"The University was eligible for the death penalty. This clearly fell within the repeat violator status," Colonial Athletic Association Commissioner Thomas Yeager, the chair for the Division I Committee on Infractions, said. Yeager responded negatively to Georgia being given the death penalty.
"The death penalty was not considered in any great detail," Yeager said.
Former Georgia Assistant Head Coach Jim Harrick, Jr. will have a difficult time gaining employment at a NCAA institution. Harrick, Jr. was named in several incidents in the report. The report cited Harrick, Jr. as voliating NCAA bylaws regarding recruiting inducements, unethical conduct, academic fraud and extra benefits.
"If he is hired by another NCAA school, that school would have to appear before the NCAA Infractions Committee," said Yeager explaining that the hiring institution would have to be forced to defend hiring Harrick, Jr. That is unlikely. Harrick, Jr. will but under penalty until 2011.
"The only individual that was at risk was the former assistant coach. He has a seven year 'show cause'," Yeager said. "Jim Harrick was not named or at risk in this case," Yeager said.
Georgia must also pay back funds received for playing in the NCAA Tournament in 2002. Michael Adams and Vince Dooley's decision to withhold the Bulldogs from the 2003 NCAA Tournament will serve as the NCAA's punishment in terms of the school's post season play.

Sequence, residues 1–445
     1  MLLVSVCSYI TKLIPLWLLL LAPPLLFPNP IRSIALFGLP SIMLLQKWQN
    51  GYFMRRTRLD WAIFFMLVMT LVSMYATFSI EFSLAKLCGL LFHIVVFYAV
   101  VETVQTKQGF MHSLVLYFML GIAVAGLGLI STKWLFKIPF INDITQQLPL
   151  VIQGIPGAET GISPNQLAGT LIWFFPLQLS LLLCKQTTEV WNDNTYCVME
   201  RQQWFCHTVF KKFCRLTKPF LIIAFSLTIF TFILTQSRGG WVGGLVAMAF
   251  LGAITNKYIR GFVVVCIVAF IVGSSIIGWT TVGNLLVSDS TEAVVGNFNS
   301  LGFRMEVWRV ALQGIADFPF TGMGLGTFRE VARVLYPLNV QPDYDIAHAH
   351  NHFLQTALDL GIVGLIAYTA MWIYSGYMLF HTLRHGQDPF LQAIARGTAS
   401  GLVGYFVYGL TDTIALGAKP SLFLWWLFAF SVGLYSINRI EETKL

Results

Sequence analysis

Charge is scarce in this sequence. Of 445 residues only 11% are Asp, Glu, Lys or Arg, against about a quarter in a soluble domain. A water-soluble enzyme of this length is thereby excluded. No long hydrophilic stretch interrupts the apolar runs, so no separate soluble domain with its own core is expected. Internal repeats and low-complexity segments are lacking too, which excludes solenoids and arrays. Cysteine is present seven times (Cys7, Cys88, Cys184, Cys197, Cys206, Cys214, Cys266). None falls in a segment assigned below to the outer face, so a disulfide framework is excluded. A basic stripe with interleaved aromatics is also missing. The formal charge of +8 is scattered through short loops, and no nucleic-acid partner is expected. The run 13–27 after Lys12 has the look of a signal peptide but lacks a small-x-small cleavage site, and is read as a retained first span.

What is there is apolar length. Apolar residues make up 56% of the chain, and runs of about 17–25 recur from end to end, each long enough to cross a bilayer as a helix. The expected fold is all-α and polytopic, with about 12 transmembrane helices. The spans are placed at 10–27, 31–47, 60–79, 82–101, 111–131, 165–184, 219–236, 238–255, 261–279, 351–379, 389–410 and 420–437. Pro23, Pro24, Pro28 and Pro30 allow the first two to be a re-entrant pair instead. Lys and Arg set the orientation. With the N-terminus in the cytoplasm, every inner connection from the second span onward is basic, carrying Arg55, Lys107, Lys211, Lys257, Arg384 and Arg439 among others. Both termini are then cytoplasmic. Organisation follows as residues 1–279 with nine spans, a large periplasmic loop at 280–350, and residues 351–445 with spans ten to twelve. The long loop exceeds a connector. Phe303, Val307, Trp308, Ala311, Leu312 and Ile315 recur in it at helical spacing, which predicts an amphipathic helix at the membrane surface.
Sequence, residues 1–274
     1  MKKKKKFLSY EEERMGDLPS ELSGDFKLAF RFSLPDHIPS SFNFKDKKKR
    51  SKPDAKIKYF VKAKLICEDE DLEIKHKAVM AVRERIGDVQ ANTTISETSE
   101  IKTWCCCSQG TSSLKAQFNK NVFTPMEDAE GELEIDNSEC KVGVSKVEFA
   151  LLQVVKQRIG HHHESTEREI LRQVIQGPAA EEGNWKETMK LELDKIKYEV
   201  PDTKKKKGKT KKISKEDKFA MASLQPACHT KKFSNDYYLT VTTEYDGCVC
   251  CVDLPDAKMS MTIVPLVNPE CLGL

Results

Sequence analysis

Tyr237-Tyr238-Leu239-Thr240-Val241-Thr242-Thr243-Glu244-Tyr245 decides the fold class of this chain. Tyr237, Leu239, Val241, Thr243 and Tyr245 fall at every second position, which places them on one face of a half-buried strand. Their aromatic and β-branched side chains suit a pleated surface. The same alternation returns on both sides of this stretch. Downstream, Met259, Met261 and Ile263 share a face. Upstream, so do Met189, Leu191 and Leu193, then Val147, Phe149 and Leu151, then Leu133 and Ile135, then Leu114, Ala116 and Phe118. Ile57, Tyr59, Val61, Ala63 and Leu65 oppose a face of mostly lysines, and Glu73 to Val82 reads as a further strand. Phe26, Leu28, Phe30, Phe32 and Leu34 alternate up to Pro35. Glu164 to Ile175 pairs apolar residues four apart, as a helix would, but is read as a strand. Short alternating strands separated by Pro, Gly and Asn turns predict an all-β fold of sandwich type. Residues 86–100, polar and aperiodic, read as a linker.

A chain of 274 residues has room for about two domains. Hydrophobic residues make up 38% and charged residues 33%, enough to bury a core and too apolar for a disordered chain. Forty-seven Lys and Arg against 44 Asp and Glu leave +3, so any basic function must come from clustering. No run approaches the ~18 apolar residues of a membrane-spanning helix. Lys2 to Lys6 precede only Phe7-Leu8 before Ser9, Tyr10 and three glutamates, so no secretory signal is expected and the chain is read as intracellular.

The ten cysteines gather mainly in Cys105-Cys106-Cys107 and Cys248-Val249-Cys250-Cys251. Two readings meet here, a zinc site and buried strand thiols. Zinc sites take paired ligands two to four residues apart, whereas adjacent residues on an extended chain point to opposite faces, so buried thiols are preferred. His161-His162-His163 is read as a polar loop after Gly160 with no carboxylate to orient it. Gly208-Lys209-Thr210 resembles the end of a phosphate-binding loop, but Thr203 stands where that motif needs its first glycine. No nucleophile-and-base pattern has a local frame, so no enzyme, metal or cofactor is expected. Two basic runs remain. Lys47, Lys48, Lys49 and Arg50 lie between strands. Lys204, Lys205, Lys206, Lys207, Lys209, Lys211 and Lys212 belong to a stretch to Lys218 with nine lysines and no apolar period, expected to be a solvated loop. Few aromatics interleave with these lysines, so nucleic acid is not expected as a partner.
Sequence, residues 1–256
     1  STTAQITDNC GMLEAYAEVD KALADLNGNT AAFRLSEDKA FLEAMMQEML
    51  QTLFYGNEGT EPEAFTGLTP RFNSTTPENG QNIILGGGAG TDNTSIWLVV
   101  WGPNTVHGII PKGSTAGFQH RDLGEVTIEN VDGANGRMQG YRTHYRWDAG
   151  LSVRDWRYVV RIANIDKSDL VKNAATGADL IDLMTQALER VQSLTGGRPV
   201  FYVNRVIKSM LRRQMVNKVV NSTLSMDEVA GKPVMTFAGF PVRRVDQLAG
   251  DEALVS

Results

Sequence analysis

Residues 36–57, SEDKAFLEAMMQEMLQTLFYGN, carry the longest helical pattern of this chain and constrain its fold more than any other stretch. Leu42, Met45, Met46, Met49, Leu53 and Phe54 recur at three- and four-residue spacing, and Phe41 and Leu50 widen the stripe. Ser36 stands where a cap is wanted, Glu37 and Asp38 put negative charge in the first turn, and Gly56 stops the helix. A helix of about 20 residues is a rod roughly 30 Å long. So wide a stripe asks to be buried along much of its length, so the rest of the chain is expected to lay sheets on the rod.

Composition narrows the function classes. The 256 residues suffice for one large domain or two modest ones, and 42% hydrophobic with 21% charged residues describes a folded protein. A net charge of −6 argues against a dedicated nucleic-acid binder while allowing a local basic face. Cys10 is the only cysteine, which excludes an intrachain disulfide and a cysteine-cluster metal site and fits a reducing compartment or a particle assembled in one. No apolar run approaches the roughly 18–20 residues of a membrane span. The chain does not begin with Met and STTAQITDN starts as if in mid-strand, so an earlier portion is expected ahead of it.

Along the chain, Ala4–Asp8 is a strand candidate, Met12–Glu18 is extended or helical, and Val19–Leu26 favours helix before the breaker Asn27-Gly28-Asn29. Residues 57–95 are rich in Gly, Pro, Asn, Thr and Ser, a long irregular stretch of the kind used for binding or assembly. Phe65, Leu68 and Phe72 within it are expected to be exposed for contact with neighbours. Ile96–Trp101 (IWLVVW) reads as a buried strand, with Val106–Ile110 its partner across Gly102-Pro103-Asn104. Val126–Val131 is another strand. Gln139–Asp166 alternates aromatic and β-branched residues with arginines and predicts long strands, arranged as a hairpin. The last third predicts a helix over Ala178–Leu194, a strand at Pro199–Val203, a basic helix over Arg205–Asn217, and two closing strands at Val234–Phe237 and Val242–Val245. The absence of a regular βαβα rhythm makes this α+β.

"They are to be credited for at least making it more time-specific to the violations and those involved in the case," Yeager said.
"Right from the outset there was cooperation from the University. Anyone voluntarily taking a team out of the NCAA Tournament is courageous. What that did was attract the volition closer to the individuals involved," said the commissioner.
Georgia's penalty was harsher than expected, and the Bulldogs' infraction means violator status for the Dawgs.
"The University of Georgia is on probation. It extends the repeat violator status extends for five more years," said Yeager.